1601

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Millennium: 2nd millennium
Centuries:
Decades:
Years:
1601 in various calendars
Gregorian calendar 1601
MDCI
Ab urbe condita 2354
Armenian calendar 1050
ԹՎ ՌԾ
Assyrian calendar 6351
Balinese saka calendar 1522–1523
Bengali calendar 1008
Berber calendar 2551
English Regnal year 43 Eliz. 1 – 44 Eliz. 1
Buddhist calendar 2145
Burmese calendar 963
Byzantine calendar 7109–7110
Chinese calendar 庚子(Metal Rat)
4297 or 4237
    — to —
辛丑年 (Metal Ox)
4298 or 4238
Coptic calendar 1317–1318
Discordian calendar 2767
Ethiopian calendar 1593–1594
Hebrew calendar 5361–5362
Hindu calendars
 - Vikram Samvat 1657–1658
 - Shaka Samvat 1522–1523
 - Kali Yuga 4701–4702
Holocene calendar 11601
Igbo calendar 601–602
Iranian calendar 979–980
Islamic calendar 1009–1010
Japanese calendar Keichō 6
(慶長6年)
Javanese calendar 1521–1522
Julian calendar Gregorian minus 10 days
Korean calendar 3934
Minguo calendar 311 before ROC
民前311年
Nanakshahi calendar 133
Thai solar calendar 2143–2144
Tibetan calendar 阳金鼠年
(male Iron-Rat)
1727 or 1346 or 574
    — to —
阴金牛年
(female Iron-Ox)
1728 or 1347 or 575

1601 (MDCI) was a common year starting on Monday of the Gregorian calendar and a common year starting on Thursday of the Julian calendar, the 1601st year of the Common Era (CE) and Anno Domini (AD) designations, the 601st year of the 2nd millennium, the 1st year of the 17th century, and the 2nd year of the 1600s decade. As of the start of 1601, the Gregorian calendar was 10 days ahead of the Julian calendar, which remained in localized use until 1923. January 1 of this year (1601-01-01) is used as the base of file dates[1] and of Active Directory Logon dates[2] by Microsoft Windows. It is also the date from which ANSI dates are counted and were adopted by the American National Standards Institute for use with COBOL and other computer languages. This epoch is the beginning of the 400-year Gregorian leap-year cycle within which digital files first existed; the last year of any such cycle is the only leap year whose year number is divisible by 100. All versions of the Microsoft Windows operating system from Windows 95 onward count units of one hundred nanoseconds from this epoch.[3]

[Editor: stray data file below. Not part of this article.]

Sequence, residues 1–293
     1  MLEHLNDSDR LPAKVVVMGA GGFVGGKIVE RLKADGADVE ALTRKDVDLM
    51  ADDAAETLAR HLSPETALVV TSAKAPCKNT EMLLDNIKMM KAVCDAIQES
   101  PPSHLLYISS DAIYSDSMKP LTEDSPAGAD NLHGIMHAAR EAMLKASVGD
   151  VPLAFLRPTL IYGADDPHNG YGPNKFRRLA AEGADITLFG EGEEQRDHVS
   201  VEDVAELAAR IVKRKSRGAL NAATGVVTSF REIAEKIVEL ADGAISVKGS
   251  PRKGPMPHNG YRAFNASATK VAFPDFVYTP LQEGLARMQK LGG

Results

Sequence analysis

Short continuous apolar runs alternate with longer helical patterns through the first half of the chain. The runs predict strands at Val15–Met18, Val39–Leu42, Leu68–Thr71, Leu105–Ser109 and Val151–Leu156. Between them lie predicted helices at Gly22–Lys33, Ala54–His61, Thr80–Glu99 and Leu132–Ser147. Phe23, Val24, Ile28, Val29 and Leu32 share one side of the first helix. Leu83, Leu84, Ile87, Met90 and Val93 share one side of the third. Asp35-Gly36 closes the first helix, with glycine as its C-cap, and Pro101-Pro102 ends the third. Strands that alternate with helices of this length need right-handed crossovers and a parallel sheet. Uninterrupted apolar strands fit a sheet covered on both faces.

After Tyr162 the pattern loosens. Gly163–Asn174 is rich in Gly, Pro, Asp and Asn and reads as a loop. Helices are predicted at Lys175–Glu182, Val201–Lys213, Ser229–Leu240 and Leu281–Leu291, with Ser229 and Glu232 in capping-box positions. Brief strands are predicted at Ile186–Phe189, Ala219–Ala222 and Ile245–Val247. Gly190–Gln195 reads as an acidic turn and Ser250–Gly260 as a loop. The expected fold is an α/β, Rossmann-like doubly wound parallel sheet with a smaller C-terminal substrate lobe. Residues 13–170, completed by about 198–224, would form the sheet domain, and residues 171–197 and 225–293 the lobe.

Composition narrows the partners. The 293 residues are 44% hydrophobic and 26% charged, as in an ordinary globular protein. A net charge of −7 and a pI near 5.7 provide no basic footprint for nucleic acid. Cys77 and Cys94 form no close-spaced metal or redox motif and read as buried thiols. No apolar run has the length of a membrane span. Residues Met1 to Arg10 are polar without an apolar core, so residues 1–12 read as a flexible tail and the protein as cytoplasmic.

Events

January–June

July–December

Date unknown

Births

January–March

April–June

July–September

October–December

Date unknown

Probable

Deaths

January–March

April–June

July–September

October–December

Date unknown

References

  1. ^ Microsoft Windows technical note on file dates, referencing year 1601
  2. ^ Microsoft Windows technical note on file dates, referencing year 1601
  3. ^ Decimal Time.net
  4. ^ Palmer, Alan; Veronica (1992). The Chronology of British History. London: Century Ltd. pp. 166–168. ISBN 0-7126-5616-2. 
  5. ^ Edwards, Phillip, ed. (1985). Hamlet, Prince of Denmark. New Cambridge Shakespeare. Cambridge University Press. p. 8. ISBN 0-521-29366-9. Any dating of Hamlet must be tentative.  Scholars date its writing as between 1599 and 1601.
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